A pilot study of radon levels in certified passive house buildings

Barry McCarron, Xianhai Meng, Shane Colclough

Research output: Contribution to conferencePaper

1 Citation (Scopus)

Abstract

The international Passive House Standard delivers high thermal comfort based on the principles of excellent building fabric and balanced mechanical heat recovery ventilation. Considering that the typical person in industrial countries (such as the UK) spends ∼90% of their time indoors, there are surprisingly few academic studies on air quality in the home. Indoor air quality and the prevalence of overheating are attracting an increasing amount of research attention across Europe, but post occupancy monitoring of indoor radon concentrations is severely underrepresented, especially in Ireland and the UK. Radon is a naturally occurring radioactive gas and known carcinogen that presents a potential risk to occupier health. This pilot study investigates measured radon levels in certified Passive House buildings in Northern Ireland and presents an overview of technical radon prevention design options for new builds and mitigation measures for existing buildings. Initial findings indicate that buildings built to the Passive House Standard correspond with reduced indoor radon gas concentrations.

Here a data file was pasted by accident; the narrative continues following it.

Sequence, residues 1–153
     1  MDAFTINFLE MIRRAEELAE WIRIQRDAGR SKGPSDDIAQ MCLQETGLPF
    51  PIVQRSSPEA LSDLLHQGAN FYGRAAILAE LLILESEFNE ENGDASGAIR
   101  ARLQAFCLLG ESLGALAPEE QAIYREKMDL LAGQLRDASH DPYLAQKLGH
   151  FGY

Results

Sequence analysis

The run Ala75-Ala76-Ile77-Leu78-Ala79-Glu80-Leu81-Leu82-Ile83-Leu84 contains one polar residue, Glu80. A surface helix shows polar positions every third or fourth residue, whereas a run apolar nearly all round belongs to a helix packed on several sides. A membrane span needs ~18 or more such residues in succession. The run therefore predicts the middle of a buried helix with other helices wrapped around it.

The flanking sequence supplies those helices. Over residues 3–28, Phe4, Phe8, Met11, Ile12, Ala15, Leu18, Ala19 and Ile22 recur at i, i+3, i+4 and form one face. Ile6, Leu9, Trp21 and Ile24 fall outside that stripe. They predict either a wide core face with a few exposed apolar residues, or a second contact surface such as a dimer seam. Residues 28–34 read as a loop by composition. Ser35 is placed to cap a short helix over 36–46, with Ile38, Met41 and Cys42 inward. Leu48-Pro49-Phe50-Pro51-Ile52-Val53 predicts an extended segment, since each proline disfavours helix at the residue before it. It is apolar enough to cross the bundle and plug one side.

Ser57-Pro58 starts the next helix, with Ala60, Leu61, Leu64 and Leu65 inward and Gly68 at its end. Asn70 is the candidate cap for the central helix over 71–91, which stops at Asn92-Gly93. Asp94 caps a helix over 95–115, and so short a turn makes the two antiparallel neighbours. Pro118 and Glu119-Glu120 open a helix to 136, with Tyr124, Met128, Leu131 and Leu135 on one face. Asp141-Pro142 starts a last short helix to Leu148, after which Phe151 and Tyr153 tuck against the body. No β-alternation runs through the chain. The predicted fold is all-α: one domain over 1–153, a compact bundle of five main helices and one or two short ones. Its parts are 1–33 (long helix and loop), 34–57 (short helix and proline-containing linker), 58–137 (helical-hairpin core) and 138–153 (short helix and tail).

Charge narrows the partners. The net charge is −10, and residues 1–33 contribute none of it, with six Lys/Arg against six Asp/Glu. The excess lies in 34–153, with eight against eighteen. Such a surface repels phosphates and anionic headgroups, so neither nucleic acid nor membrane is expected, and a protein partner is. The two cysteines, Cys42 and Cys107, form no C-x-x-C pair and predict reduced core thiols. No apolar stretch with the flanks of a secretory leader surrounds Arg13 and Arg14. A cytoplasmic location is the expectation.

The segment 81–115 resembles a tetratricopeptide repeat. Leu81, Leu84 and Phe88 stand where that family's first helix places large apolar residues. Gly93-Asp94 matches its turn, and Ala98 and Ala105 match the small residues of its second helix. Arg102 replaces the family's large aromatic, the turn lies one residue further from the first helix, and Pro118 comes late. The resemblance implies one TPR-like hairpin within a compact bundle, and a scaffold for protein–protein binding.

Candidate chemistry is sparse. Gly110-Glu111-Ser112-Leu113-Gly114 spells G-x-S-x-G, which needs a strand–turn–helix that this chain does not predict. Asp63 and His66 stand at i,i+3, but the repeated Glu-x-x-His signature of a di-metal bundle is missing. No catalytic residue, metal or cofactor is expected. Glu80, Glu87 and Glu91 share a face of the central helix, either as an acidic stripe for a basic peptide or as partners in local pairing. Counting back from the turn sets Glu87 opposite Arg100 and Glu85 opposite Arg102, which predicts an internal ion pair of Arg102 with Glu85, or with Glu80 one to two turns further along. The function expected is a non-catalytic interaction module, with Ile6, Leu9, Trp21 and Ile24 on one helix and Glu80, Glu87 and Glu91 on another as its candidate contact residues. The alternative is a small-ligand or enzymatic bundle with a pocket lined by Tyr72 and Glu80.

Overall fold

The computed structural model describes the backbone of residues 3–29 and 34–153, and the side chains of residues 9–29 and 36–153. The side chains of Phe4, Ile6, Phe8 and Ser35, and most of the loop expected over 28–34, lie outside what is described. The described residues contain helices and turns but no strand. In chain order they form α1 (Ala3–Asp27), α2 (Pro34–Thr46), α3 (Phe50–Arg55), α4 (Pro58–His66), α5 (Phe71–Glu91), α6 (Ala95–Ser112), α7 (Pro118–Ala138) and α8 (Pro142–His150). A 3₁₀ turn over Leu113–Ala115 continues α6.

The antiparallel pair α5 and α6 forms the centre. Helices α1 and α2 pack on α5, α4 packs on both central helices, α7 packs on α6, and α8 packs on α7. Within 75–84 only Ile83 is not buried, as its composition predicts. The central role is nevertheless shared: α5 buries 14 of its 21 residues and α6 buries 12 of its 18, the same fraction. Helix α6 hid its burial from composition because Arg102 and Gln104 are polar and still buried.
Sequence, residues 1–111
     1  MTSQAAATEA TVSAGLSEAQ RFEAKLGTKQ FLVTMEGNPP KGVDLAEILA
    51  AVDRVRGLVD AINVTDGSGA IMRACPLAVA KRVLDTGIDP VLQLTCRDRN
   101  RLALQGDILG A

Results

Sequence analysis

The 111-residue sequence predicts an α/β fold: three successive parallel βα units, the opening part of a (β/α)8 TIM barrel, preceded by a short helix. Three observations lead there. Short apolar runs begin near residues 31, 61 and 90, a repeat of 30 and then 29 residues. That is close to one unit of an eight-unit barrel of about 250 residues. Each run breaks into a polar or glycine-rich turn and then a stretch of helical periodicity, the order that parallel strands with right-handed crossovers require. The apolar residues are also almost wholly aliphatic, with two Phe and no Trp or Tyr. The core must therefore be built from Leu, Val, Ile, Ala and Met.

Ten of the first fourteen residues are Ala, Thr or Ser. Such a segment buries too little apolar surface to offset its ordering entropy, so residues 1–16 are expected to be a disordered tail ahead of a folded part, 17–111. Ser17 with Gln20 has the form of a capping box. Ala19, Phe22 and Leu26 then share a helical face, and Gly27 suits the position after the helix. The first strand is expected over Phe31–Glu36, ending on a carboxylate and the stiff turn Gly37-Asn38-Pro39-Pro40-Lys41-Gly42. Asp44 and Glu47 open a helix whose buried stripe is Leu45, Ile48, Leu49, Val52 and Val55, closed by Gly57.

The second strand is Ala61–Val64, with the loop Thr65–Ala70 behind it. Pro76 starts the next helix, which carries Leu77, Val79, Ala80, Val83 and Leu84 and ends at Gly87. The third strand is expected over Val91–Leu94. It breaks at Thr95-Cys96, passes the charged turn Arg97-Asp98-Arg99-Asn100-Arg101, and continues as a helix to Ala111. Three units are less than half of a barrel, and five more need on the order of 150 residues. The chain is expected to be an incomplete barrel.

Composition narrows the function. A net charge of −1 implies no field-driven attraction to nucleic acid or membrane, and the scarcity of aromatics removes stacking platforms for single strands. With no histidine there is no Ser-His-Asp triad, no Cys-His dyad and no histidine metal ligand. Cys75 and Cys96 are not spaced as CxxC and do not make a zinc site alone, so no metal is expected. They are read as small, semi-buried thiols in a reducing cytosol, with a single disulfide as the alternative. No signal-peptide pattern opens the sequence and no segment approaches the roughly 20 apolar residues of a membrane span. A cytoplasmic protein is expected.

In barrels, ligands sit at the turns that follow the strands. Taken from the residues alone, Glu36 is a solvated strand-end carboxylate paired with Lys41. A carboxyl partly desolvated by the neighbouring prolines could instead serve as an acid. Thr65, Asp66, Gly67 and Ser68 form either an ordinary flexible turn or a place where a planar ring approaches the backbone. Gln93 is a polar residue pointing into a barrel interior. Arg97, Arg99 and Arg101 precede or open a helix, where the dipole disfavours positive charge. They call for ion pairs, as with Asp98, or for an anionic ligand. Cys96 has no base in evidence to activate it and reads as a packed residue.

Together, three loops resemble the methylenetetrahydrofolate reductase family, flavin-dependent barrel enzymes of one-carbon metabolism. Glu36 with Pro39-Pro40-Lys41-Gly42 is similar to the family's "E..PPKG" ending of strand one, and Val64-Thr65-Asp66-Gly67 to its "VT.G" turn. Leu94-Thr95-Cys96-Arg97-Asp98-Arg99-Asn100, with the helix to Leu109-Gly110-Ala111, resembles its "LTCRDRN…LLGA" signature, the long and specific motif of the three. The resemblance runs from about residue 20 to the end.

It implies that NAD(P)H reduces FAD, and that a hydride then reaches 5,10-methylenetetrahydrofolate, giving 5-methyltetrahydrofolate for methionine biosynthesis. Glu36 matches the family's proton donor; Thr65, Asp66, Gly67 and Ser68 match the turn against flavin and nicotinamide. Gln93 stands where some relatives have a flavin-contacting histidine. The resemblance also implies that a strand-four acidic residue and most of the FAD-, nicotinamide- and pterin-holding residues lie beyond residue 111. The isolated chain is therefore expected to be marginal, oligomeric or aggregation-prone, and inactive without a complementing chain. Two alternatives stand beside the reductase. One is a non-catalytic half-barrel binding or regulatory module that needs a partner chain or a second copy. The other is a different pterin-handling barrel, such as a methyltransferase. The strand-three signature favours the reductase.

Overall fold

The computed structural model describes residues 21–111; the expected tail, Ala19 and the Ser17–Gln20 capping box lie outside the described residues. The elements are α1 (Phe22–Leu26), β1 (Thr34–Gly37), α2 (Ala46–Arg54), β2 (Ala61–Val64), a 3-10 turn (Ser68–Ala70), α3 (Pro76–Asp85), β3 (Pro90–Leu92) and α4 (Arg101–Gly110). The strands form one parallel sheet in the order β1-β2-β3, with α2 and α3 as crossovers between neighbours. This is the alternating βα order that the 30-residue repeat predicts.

Practical application: This Technical Note addresses an issue pertinent to the industry at this time. The growth of energy-efficient standards (such as Passive House) and common principles (such as increased airtightness levels and mechanical ventilation systems) has accelerated the need for research data on indoor radon concentrations. This research bridges the knowledge gap between the fields of indoor air quality (specifically radon), health, sustainability and the built environment.
Original languageEnglish
Pages296-304
Number of pages9
DOIs
Publication statusPublished - 9 Jan 2019

Keywords

  • Certified Passive House
  • EnerPHit
  • indoor air quality
  • radon

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